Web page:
Client Communications

Once you have mapped out your exit plan, how and when you inform your clients is critical

By Beatrice Paez |

Financial advisors are well-versed in laying the groundwork for their clients' retirement plans. But when it comes to planning their own exit from the business, many advisors are given to procrastination. Some fear that raising that topic with their clients will result in those clients defecting to other advisors.

However, as you plan your eventual exit, the best way to assure clients you have their best interests in mind is to have an open discussion about the transition.

"You have to be proactive in addressing the issue with your clients," says Evan Thompson, business coach and founder of Evan Thompson and Associates in Toronto. "Clients will appreciate the fact that the topic is broached in advance."

Thompson recommends notifying your clients of your plans one year before your projected exit date. Ideally, he adds, your succession process should be executed gradually, minimizing the level of uncertainty that comes with any change of responsibilities.

Evans offers the following tips for handling the succession-planning conversation with your clients:

> Offer firm facts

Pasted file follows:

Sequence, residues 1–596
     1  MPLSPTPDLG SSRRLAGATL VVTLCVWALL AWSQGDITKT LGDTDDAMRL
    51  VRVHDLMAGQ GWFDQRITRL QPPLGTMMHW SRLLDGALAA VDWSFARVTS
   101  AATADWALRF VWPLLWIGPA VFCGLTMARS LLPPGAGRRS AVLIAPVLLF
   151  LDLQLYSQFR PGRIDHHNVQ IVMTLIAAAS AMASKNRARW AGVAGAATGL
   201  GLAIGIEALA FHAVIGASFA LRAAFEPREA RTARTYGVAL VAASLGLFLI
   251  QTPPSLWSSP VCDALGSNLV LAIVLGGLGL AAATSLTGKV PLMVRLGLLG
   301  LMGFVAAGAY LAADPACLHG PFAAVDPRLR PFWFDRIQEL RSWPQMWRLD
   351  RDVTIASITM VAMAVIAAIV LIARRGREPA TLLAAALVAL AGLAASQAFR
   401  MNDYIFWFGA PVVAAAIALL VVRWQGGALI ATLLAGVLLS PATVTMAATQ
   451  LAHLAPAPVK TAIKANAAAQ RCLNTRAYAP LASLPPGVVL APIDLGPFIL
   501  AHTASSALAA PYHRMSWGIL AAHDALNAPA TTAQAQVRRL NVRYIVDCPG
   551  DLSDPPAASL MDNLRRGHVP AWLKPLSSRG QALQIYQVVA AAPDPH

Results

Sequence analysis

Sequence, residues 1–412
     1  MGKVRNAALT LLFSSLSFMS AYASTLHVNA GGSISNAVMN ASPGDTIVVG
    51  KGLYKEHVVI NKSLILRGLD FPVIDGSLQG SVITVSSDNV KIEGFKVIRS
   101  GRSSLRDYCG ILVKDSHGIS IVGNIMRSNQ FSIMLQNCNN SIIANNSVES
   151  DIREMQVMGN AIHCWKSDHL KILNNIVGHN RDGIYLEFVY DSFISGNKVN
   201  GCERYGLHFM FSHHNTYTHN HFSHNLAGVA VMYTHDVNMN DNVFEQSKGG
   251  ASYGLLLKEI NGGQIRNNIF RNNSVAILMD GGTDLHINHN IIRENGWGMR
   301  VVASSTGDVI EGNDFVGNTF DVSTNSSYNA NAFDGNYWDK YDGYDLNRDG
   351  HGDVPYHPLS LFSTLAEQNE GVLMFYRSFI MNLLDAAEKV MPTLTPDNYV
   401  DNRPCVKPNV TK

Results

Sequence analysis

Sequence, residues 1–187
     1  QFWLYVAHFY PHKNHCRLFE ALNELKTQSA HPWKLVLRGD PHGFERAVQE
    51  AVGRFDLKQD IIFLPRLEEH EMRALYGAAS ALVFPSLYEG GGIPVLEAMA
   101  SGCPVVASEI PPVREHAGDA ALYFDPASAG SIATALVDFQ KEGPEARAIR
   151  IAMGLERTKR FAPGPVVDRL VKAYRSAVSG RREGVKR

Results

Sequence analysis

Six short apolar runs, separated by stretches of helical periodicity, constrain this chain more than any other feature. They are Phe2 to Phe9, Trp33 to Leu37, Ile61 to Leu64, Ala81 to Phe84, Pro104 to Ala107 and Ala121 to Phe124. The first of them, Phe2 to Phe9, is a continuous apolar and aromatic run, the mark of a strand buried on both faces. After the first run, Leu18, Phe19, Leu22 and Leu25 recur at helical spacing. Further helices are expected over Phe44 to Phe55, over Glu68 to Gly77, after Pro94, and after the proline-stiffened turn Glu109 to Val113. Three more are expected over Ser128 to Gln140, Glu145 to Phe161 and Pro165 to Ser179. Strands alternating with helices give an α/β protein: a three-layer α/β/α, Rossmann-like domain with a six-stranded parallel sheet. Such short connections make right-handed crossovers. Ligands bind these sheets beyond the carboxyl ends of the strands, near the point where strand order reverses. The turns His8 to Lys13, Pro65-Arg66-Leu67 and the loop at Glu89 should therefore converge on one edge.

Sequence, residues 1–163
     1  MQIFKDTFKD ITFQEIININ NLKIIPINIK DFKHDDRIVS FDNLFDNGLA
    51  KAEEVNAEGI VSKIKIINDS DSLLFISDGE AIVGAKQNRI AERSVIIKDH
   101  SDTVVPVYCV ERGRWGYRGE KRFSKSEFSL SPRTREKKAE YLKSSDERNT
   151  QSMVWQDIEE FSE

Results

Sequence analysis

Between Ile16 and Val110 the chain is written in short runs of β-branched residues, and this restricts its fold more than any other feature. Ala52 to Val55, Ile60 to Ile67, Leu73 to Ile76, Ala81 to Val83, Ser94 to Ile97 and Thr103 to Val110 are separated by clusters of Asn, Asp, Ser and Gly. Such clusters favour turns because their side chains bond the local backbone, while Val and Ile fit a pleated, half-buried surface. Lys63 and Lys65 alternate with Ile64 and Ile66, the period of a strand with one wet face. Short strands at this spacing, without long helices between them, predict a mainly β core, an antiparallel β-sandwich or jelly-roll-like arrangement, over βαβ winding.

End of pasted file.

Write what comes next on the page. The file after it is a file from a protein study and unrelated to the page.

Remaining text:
Wait until the deal has been finalized before discussing the details of your succession. Clients should be informed of how the transfer will unfold before you introduce them to your successor.

"You first need to ensure that the client is confident in the abilities of the new advisor," Thompson says.

One of the biggest concerns clients have is the impact a succession will have on their fees. If clients raise the issue, Thompson says, you must be upfront about any changes in fees and work to secure a fee structure that your clients will see as favourable.

> Avoid disclosing sensitive issues
If you're still negotiating the sale of your practice, don't discuss the negotiations with your clients, Thompson says. You shouldn't trouble clients with your anxieties about striking the right deal or scouting for the perfect candidate.

Throughout the succession process, clients need to feel that you are focused on managing their business, Thompson says.

> Don't send mixed messages
A discussion about a client's retirement can drift toward the topic of your plans for your practice when you retire. And, if you haven't given your exit much thought, an ambiguous response can leave clients feeling anxious, uncertain and inclined to seek a new advisor.

"Never say, ‘I'm thinking of moving on, but I'm just not sure'," Thompson says. Make sure you have a plan before you talk about it.

> Be mindful of timing
Three months is typically enough time to ease clients into the actual transition, Thompson says. During that "probationary" period, clients have a chance to build a rapport with their new advisor while still having the ear of their familiar, outgoing advisor.

If you stretch that time for much longer than three months, he adds, the process becomes too drawn out, making it difficult for the new advisor to instill trust and confidence.

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